A mother of a little boy who is addicted to eating small objects including batteries, ear-rings and coins says she is terrified he will choke to death.The mother-of-two from Letterkenny says her four year old son has already had ten choking episodes.Now Fiona, who asked that her full identity not be revealed, says she wants to highlight the problem. She has taken her son to consultants at Letterkenny General Hospital who suspect her son is suffering from Prader Willi Syndrome.The young mother revealed that her son has even tried to eat broken light-bulb which he found in a recycling bin.“I am close to having a nervous breakdown. I just don’t know what he is going to try and eat next.“We have already had ten choking episodes. On one occasion we suspected he had swallowed an ear-ring but it turned out he had swallowed the pair. “He has also swallowed batteries, coins – anything that is small and he can get in his mouth,” she said.Fiona had to warn her son’s crèche of his addiction and they had to use child-friendly toys and dispose of anything he may have been able to swallow.She also revealed that social services asked to see her home because they were concerned about the number of incidents of choking before her son was diagnose with the condition.“They called to my home and they couldn’t believe how tidy it was. It has to be because my son would try to swallow anything that was lying around.“I can understand their concern because we were constantly visiting the doctor but I think they understand now,” she said. Fiona is now concerned that her son will be out of her supervision soon when he starts school.“I’m really worried and I’m hoping he will grow out of it or realise that he can’t swallow these objects.“I also want to warn other parents about the dangers of the syndrome in case their children are showing signs of it,” she said.TERRIFIED DONEGAL MOTHER REVEALS HOW HER SON EATS BATTERIES, COINS, EAR-RINGS AND LIGHT-BULBS was last modified: October 10th, 2012 by StephenShare this:Click to share on Facebook (Opens in new window)Click to share on Twitter (Opens in new window)Click to share on LinkedIn (Opens in new window)Click to share on Reddit (Opens in new window)Click to share on Pocket (Opens in new window)Click to share on Telegram (Opens in new window)Click to share on WhatsApp (Opens in new window)Click to share on Skype (Opens in new window)Click to print (Opens in new window)Tags:batteriesboycoinsear-ringsletterkennyPrader Willi Syndrome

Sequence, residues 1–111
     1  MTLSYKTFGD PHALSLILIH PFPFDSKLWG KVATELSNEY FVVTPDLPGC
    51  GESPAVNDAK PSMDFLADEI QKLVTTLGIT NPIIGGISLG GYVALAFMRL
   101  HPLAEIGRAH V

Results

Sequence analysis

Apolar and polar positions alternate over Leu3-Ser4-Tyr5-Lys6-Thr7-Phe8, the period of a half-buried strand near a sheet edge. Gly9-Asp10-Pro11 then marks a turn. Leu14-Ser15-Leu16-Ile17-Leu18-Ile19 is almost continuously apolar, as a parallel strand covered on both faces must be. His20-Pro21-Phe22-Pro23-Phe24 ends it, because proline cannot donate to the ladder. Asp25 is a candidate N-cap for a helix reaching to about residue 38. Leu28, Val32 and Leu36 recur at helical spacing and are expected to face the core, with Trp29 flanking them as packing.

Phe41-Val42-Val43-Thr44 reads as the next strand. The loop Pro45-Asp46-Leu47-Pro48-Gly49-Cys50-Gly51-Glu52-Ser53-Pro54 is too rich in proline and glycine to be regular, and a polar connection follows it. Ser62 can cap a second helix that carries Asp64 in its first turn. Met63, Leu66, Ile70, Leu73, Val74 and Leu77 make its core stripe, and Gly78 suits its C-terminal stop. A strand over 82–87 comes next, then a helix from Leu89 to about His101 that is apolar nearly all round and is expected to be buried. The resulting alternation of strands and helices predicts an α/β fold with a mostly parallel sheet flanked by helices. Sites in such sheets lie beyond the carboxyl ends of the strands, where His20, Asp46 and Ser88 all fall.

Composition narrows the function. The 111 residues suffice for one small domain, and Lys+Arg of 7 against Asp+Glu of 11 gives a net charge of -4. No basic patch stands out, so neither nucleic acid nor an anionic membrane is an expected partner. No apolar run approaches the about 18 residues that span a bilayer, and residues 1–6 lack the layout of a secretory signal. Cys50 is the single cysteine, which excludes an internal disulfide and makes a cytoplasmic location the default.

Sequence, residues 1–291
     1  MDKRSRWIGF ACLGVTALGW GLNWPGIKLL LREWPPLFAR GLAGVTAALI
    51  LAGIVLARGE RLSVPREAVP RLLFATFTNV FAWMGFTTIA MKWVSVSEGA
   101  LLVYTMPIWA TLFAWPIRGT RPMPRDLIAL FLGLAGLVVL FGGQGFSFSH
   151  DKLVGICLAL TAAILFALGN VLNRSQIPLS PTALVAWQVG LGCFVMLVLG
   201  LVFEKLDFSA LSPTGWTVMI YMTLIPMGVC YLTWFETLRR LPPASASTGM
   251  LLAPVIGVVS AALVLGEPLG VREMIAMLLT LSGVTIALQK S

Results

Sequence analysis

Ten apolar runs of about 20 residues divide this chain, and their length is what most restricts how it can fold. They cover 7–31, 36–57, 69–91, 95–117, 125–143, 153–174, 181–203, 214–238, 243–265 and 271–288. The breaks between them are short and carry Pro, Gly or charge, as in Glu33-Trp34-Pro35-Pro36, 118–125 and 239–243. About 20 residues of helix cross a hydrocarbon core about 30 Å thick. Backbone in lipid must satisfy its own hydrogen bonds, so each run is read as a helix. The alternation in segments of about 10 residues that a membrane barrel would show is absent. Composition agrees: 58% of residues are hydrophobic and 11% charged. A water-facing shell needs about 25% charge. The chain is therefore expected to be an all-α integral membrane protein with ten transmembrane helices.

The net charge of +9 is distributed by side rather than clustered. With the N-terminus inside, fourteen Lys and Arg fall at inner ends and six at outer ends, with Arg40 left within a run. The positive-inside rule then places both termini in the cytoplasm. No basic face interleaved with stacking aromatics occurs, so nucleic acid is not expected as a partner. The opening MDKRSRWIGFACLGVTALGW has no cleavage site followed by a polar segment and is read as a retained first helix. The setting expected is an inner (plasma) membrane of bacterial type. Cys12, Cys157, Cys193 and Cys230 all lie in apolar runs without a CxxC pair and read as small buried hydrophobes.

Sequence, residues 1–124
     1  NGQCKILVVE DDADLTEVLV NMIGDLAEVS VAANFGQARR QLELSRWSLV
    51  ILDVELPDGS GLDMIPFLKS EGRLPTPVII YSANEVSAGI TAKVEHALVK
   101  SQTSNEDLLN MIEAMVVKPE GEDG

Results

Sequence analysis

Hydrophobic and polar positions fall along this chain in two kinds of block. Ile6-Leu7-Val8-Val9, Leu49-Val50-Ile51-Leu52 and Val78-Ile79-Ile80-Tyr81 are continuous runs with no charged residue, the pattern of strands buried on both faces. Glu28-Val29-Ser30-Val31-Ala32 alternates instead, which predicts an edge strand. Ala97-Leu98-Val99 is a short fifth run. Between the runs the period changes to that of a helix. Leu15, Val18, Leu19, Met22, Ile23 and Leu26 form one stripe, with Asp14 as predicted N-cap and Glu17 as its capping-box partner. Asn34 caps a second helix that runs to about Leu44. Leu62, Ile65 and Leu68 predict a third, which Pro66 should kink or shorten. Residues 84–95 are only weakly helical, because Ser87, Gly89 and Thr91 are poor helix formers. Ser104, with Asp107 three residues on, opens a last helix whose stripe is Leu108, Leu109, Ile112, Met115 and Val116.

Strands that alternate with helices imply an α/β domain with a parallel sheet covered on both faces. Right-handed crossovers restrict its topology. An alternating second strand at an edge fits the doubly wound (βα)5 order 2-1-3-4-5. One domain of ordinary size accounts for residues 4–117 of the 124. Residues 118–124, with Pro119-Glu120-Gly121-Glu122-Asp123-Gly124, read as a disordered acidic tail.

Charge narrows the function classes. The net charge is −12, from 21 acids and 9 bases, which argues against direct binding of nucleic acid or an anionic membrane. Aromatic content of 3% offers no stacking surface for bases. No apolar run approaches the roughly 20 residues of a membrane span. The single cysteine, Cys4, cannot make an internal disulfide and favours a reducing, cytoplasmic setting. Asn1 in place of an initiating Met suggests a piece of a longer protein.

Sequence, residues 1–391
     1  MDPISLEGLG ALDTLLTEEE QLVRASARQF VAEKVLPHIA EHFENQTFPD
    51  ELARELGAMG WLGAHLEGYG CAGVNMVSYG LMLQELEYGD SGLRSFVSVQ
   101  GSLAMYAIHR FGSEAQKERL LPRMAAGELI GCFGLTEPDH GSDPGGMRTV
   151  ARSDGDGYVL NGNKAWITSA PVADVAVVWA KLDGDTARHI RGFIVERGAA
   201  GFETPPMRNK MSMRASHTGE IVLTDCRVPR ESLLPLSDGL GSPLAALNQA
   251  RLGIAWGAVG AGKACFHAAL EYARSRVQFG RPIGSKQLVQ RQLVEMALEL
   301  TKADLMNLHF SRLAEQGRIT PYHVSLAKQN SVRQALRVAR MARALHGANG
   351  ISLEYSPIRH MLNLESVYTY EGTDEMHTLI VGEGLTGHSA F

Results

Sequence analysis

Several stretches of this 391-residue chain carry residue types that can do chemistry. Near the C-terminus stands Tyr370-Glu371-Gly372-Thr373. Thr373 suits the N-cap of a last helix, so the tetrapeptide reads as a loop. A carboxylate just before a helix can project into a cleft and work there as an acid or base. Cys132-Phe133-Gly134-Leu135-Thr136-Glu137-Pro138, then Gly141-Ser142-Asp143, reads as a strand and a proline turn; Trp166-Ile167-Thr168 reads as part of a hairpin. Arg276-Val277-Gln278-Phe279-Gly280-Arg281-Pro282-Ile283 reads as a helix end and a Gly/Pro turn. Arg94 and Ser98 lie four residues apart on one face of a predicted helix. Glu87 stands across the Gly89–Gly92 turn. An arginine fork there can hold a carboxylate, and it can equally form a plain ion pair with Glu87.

“He told me that when you grow up, you lead your men,” Tuanquin said. Jorge Tuanquin grew up to be a labor leader in the Philippines and a university instructor in labor law, a job that allowed him to travel all over the world. His first visit to the United States was in 1953 on a government-sponsored trip to learn about U.S. labor law. He saw segregation firsthand in Georgia, went to the top of the Empire State Building in New York, and met crooner Rudy Vallee at a concert in San Francisco. In 1992, Tuanquin and his wife, Lydia, retired to the United States. Tuanquin collects federal disability pay for his World War II years fighting the Japanese in the Philippines, when his country was a colonial possession of the United States. “U.S. history … is very tangled with the Philippines,” said Enrique de la Cruz, professor of Asian-American Studies at California State University, Northridge. The history that binds the two nations is reflected in the attitudes Filipino immigrants had toward the United States. “On the one hand, having been educated in the Philippines using American textbooks and American system of education, for the most part you had this very benign concept (that the) U.S. is the land of milk and honey,” de la Cruz said. “But what they did not anticipate, of course, were the racial tensions here, and I think a lot of them ran smack right into that.” More than 1.8 million Filipino-Americans live in the United States, making them the second-largest group of Asians in the United States, according to census figures. Glendale has more than 11,000 Filipino-Americans as residents. Filipino-Americans have a colorful history. Among the figures in that history is Pedro Flores, the originator of the first yo-yo toy mass-produced in America. Another figure was writer and labor leader Carlos Bulosan, who authored “America is in the Heart.” “He was sort of the voice of, if you think about it, the farm workers,” said librarian Eloisa Gomez Borah, a chronicler of Filipino-American history. “This is prior to Cesar Chavez. Filipinos were sort of the people who were the downtrodden farmworkers, and he was their voice.” Alex Dobuzinskis, (818) 546-3304 email@example.com IF YOU GO The History of Filipino-Americans in the United States will be held from 5:30 to 9 p.m. today at the Glendale Central Library, 222 E. Harvard St. 160Want local news?Sign up for the Localist and stay informed Something went wrong. Please try again.subscribeCongratulations! You’re all set! AD Quality Auto 360p 720p 1080p Top articles1/5READ MOREOregon Ducks football players get stuck on Disney ride during Rose Bowl event Tuanquin is the son of a sakada who left the Philippines in 1923 aboard a steamship and picked up the nickname “Manila” from American sailors who saw him walk down the gangplank in Hawaii. At 6 feet 2 inches, Eligio Tuanquin towered over many of his co-workers, who earned $1 a day toiling from sunrise to sunset on a sugar cane plantation. He was soon elected to bargain for better working conditions. “You see, it’s very clear,” Tuanquin said, pointing to a sepia-toned photo of his father seated in a studio with five workers standing by him. “He could not take a picture while standing because he was very tall. “Before they went (to Hawaii), he was already the leader,” Tuanquin said. “He was elected among the men and he was very tall.” Jorge Tuanquin still has the remittance receipts from cash Eligio sent back home. But his father also spent a lot on fellow workers who got sick. When Eligio went home to the Philippines, he passed a lesson on to his son. Lessons the father learned about organizing workers in the sugar cane plantations of Hawaii were passed on to the son, who grew up in the Philippines and became a union leader himself. As Jorge Tuanquin, 90, of North Hills looks back on his life and the legacy of his father, Eligio, the story he tells weaves together family, politics, migration and the ties between two nations divided by an ocean, but linked by history. “I learned my ABCs,” Tuanquin said about his school days in the Philippines. “I learned more about the (United) States than I learned in the Philippines about my country.” The Filipino-American community this year is celebrating the 100th anniversary of the first major wave of Filipino immigration to America, the plantation workers known as the sakadas who came to Hawaii in 1906. One of Southern California’s largest Filipino-American communities is in Glendale, where Tuanquin will participate in a panel discussion today at the Central Library.